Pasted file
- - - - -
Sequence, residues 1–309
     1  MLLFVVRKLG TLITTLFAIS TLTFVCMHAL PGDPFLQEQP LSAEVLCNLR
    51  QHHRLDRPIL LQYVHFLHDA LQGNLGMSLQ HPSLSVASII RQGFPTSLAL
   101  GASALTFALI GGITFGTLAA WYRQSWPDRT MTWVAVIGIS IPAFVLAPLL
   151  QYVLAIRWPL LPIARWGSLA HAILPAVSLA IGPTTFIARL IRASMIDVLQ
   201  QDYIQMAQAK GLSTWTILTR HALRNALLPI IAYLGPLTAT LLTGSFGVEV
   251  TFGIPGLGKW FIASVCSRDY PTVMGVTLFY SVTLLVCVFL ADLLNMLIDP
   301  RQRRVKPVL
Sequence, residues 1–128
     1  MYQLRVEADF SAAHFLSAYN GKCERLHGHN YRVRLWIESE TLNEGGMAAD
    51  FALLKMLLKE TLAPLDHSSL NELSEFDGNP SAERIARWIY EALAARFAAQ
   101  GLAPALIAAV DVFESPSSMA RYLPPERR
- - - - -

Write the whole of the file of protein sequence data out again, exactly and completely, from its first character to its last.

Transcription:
Sequence, residues 1–309
     1  MLLFVVRKLG TLITTLFAIS TLTFVCMHAL PGDPFLQEQP LSAEVLCNLR
    51  QHHRLDRPIL LQYVHFLHDA LQGNLGMSLQ HPSLSVASII RQGFPTSLAL
   101  GASALTFALI GGITFGTLAA WYRQSWPDRT MTWVAVIGIS IPAFVLAPLL
   151  QYVLAIRWPL LPIARWGSLA HAILPAVSLA IGPTTFIARL IRASMIDVLQ
   201  QDYIQMAQAK GLSTWTILTR HALRNALLPI IAYLGPLTAT LLTGSFGVEV
   251  TFGIPGLGKW FIASVCSRDY PTVMGVTLFY SVTLLVCVFL ADLLNMLIDP
   301  RQRRVKPVL
Sequence, residues 1–128
     1  MYQLRVEADF SAAHFLSAYN GKCERLHGHN YRVRLWIESE TLNEGGMAAD
    51  FALLKMLLKE TLAPLDHSSL NELSEFDGNP SAERIARWIY EALAARFAAQ
   101  GLAPALIAAV DVFESPSSMA RYLPPERR